Elevation of rat pulmonary, hepatic and lung surfactant lipids by fly ash inhalation.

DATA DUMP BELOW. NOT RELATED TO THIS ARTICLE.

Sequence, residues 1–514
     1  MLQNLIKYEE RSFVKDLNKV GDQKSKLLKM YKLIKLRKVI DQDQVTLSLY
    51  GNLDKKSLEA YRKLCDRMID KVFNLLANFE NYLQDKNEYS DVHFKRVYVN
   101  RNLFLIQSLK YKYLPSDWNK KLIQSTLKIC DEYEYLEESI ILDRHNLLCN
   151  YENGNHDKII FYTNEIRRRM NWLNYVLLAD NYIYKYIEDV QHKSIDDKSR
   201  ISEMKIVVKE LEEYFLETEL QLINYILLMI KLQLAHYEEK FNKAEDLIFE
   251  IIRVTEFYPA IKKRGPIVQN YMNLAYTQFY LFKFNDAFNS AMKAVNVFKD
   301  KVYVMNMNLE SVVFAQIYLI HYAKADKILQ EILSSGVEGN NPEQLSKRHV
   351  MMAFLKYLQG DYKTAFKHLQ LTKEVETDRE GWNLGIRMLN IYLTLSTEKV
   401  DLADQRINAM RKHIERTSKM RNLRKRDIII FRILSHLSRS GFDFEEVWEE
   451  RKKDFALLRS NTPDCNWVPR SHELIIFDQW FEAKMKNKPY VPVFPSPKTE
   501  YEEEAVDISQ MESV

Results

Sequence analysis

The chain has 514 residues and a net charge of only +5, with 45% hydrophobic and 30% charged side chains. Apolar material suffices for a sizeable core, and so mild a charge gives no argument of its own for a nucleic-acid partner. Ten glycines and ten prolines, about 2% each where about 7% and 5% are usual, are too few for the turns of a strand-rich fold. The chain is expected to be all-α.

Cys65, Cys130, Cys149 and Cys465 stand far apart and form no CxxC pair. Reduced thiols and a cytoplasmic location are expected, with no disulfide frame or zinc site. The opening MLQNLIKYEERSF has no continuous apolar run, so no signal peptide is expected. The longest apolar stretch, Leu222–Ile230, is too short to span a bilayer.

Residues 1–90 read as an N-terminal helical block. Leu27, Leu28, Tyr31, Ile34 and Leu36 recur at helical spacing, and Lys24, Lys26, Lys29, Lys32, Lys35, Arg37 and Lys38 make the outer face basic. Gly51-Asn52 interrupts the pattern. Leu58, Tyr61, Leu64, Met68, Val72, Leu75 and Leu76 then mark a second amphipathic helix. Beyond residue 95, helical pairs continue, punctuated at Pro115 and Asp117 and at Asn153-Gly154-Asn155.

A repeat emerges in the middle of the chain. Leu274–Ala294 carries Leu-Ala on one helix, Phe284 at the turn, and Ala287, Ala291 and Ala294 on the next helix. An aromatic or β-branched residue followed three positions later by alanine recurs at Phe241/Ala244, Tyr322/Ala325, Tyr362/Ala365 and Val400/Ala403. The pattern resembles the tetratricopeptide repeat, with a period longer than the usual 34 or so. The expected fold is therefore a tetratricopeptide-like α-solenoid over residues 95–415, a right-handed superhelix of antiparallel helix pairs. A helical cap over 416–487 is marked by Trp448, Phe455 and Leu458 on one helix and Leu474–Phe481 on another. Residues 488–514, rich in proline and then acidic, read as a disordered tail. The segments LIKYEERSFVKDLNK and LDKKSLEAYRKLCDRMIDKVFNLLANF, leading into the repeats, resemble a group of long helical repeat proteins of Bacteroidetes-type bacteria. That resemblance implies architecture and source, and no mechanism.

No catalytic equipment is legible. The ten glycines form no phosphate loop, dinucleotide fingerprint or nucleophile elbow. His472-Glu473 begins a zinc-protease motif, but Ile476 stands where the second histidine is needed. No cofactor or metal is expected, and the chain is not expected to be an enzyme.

Fly ash contains many polycyclic aromatic hydrocarbons and genotoxic trace elements. In rats, fly ash exposure profoundly affects lung and liver histology. In the present study, the effect of fly ash inhalation on lung and liver lipids of rats was examined. Male Wistar strain rats were exposed daily to fly ash (0.27 +/- 0.01 mg/L air) in an inhalation chamber, 6 hr daily over a period of 15 days, and were killed on various days, i.e. 16, 30, 60, and 120. Fly ash inhalation significantly (P less than 0.05) increased total phospholipids (PL), phosphatidylcholine (PC) and phosphatidylethanolamine (PE) in lungs. PC and dipalmitoylphosphatidylcholine (DPPC) contents in microsomes and lung surfactant also were significantly (P less than 0.05) higher in rats exposed to fly ash compared to control group animals. Radiolabeled precursor incorporation studies indicated that fly ash induced the synthesis of PC and DPPC by both CDP-choline pathway and N-methylation of PE in lung microsomes and enhanced their secretion into lung surfactant. In liver, PC and PE contents were elevated significantly (P less than 0.05) by fly ash exposure on days 16 and 30 respectively. A similar elevation of PC was observed in hepatic microsomes; this increase was due to its increased synthesis. However, the increased synthesis of PC in liver occurred to a greater extent by the N-methylation pathway than by the CDP-choline pathway.
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